Schneckloth v. Bustamonte
|Schneckloth v. Bustamonte|
|Argued October 10, 1972|
Decided May 29, 1973
|Full case name||Merle R. Schneckloth, Superintendent, California Conservation Center, Petitioner v. Robert Clyde Bustamonte|
|Citations||412 U.S. 218 (more)|
93 S. Ct. 2041; 36 L. Ed. 2d 854
|Consent searches are constitutional, and that the government must show that consent existed. However, a defendant, under the Fifth Amendment, need not necessarily know of his right to object to a consent search. This differentiates the case from Miranda v. Arizona, where the Court held that a defendant must know of his/her rights against self-incrimination in the course of an interrogation.|
|Plurality||Stewart, joined by Burger, White, Rehnquist|
|Concurrence||Powell, joined by Burger, Rehnquist|
|United States Constitution, Amendment IV|
Schneckloth v. Bustamonte, 412 U.S. 218 (1973), was a U.S. Supreme Court case in which the high court ruled that in a case involving a consent search, while knowledge of a right to refuse consent is a factor to be taken into account, the state does not need to prove that the one who is giving permission to search knows that he has a right to withhold his consent under the Fourth Amendment to the United States Constitution.
While on routine patrol in Sunnyvale, California, at approximately 2:40 in the morning, Police Officer James Rand stopped an automobile when he observed that one headlight and its license plate light were burned out. Six men were in the vehicle. Joe Alcala and the respondent, Robert Bustamonte, were in the front seat with Joe Gonzales, the driver. Three older men were seated in the rear. When, in response to the policeman's question, Gonzales could not produce a driver's license, Officer Rand asked if any of the other five had any evidence of identification. Only Alcala produced a license, and he explained that the car was his brother's. After the six occupants had stepped out of the car at the officer's request, and after two additional policemen had arrived, Officer Rand asked Alcala if he could search the car. Alcala replied, "Sure, go ahead." Prior to the search, no one was threatened with arrest, and, according to Officer Rand's uncontradicted testimony, it "was all very congenial at this time." Gonzales testified that Alcala actually helped in the search of the car by opening the trunk and glove compartment. In Gonzales' words:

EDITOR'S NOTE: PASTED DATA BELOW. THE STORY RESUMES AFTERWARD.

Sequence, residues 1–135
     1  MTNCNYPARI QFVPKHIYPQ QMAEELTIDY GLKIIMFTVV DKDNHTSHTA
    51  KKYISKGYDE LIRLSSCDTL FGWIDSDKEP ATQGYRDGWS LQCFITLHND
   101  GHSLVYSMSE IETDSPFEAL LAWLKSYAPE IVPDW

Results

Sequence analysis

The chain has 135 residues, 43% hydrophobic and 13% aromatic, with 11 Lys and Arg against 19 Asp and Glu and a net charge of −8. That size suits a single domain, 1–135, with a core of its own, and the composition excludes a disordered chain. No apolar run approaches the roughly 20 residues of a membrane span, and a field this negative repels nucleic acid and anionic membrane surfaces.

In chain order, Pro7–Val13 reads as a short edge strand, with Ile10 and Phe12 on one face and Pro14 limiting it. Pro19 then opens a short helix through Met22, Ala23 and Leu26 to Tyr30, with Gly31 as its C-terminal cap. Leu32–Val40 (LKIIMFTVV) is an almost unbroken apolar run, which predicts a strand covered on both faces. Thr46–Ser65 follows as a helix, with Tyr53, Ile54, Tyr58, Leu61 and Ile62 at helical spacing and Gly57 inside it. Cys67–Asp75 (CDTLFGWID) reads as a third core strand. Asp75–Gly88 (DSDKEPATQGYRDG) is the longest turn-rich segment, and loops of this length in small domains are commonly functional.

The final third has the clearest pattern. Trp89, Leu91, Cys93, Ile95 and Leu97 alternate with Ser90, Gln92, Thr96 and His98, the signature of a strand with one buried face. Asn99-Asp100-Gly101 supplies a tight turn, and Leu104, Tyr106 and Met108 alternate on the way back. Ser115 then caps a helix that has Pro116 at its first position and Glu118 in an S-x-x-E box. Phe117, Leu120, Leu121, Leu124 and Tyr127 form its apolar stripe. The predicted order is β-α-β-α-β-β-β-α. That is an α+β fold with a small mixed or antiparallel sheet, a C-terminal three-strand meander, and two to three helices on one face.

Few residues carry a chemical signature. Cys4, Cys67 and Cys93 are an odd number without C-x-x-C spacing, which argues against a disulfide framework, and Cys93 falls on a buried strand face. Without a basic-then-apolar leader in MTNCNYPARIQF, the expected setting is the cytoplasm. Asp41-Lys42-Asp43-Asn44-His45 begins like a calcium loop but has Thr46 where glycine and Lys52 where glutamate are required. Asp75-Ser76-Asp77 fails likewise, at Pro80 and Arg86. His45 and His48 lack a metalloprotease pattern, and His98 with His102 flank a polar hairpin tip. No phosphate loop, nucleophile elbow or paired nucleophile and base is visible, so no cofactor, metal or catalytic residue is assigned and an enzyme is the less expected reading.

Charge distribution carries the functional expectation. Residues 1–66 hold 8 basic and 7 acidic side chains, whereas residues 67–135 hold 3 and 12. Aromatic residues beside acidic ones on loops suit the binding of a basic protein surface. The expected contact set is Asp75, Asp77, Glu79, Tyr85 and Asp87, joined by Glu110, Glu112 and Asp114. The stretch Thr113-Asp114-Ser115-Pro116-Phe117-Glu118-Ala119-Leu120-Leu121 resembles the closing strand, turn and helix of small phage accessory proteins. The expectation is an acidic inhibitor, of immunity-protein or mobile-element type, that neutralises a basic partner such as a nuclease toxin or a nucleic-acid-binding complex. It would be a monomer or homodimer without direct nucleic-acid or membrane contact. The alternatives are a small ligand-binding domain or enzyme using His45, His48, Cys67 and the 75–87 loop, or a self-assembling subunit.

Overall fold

"[T]he police officer asked Joe [Alcala], he goes, 'Does the trunk open?' And Joe said, 'Yes.' He went to the car and got the keys and opened up the trunk."
Wadded up under the left rear seat, the police officers found three checks that had previously been stolen from a car wash. The checks were later linked to Bustamonte (defendant), one of the six passengers riding in the car. The trial judge denied Bustamonte’s motion to suppress, and the checks in question were admitted in evidence at Bustamonte's trial. 
The court held that consent searches are constitutional, and that the government must show that consent existed. However, a defendant under the Fifth Amendment need not necessarily know of his right to object to a consent search. This differentiates the case from Miranda v. Arizona, where the Court held that a defendant must know of his/her rights against self-incrimination in the course of an interrogation.